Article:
Raynaud's phenomenon of the nipple as a side-effect of labetalol: Case report and literature review

Publication date: Available online 24 July 2019Source: Case Reports in Women's HealthAuthor(s): Jesus Avila Vega, Enrique Urrea-Mendoza, Christy LeeAbstractRaynaud's phenomenon of the nipple is an unusual side-effect of labetalol use. There is one official report from the United Kingdom. The present case concerns a 30-year-old woman, gravida 1, para 0, who developed pre-eclampsia and was treated with labetalol but subsequently reported neuropathic pain of the nipple. Nifedipine was then started as part of her treatment plan for blood pressure control and she no longer reported pain, despite being given six more doses of labetalol. Nifedipine is the first-line of treatment for Raynaud's phenomenon. The concomitant use of labetalol with nifedipine by a woman with Raynaud's phenomenon of the nipple has not been discussed before. The goal of this review is to raise awareness of this drug-induced phenomenon and to add to the limited literature available on this subject.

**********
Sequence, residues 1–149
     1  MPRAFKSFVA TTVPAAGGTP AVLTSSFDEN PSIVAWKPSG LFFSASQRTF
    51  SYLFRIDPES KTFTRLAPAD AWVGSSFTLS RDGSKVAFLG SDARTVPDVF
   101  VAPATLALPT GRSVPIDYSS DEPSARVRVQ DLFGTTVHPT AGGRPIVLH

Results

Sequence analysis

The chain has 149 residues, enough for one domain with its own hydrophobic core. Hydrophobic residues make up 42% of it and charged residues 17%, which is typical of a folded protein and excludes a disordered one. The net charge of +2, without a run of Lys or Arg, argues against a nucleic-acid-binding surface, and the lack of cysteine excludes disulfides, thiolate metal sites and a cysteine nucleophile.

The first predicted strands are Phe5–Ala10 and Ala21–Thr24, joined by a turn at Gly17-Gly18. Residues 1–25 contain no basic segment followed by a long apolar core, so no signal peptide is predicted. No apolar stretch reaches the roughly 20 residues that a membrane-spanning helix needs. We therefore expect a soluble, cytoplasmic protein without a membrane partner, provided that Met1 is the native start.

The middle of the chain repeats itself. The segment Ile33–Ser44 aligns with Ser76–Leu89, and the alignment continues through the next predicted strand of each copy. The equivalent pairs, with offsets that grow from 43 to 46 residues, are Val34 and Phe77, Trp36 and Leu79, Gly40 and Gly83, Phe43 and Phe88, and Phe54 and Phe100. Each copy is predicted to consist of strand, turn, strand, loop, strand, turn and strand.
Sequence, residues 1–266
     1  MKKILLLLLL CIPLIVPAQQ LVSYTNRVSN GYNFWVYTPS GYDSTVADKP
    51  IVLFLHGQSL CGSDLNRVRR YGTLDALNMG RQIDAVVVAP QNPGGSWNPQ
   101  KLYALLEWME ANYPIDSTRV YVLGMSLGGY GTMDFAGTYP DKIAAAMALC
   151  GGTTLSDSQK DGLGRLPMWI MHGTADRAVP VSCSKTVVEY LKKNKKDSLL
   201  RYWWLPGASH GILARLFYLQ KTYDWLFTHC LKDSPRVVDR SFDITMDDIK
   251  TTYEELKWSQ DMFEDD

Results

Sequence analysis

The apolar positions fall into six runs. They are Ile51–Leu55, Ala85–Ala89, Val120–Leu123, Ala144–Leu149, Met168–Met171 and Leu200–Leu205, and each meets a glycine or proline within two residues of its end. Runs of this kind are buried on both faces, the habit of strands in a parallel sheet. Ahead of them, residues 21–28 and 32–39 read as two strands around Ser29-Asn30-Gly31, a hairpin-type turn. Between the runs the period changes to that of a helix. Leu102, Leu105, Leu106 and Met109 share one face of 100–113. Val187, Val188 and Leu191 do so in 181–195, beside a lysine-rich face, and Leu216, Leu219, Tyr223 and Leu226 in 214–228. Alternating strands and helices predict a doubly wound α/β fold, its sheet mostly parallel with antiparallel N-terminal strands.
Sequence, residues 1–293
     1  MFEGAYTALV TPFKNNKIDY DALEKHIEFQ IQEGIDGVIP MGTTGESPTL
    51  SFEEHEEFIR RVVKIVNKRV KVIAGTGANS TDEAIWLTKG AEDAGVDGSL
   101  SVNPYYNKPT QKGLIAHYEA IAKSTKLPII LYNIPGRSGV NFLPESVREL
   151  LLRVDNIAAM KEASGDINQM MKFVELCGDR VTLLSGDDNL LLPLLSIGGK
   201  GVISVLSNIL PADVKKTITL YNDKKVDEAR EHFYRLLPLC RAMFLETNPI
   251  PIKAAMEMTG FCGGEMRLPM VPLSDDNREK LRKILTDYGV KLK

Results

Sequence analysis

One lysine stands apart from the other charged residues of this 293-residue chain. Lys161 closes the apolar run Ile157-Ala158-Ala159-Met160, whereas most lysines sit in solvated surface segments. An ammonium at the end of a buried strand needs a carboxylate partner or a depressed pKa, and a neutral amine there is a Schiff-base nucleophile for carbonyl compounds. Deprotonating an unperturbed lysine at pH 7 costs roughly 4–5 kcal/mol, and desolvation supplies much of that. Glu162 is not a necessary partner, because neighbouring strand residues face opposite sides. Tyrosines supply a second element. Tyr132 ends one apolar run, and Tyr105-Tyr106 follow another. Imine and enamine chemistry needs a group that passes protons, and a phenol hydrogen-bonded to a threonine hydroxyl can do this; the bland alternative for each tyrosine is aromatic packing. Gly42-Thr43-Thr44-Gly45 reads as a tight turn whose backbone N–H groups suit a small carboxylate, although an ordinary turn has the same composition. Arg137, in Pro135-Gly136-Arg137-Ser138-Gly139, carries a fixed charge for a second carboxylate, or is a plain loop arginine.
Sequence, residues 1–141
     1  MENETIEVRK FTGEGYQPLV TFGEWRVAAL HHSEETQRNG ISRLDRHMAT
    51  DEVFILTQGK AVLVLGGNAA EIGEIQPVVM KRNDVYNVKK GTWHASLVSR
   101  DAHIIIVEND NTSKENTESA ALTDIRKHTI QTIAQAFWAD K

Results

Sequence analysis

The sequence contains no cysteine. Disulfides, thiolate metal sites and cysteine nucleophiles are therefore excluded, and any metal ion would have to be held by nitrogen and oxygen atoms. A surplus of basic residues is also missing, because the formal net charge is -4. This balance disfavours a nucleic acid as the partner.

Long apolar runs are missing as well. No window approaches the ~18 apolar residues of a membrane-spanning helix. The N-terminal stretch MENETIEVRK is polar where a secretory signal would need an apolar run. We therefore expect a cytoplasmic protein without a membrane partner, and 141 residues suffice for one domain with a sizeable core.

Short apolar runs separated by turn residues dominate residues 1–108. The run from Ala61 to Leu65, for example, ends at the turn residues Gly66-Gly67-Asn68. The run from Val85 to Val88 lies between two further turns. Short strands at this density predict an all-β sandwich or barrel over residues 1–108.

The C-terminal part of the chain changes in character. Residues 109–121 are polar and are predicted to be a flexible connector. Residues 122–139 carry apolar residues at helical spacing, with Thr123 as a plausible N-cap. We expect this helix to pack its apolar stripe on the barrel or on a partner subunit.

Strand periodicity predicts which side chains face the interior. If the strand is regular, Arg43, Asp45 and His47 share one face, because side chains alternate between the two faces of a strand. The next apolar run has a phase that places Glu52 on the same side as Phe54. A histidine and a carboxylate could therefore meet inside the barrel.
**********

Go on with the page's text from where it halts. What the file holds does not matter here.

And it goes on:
Source: Case Reports in Womens Health - Category: OBGYN Source Type: research

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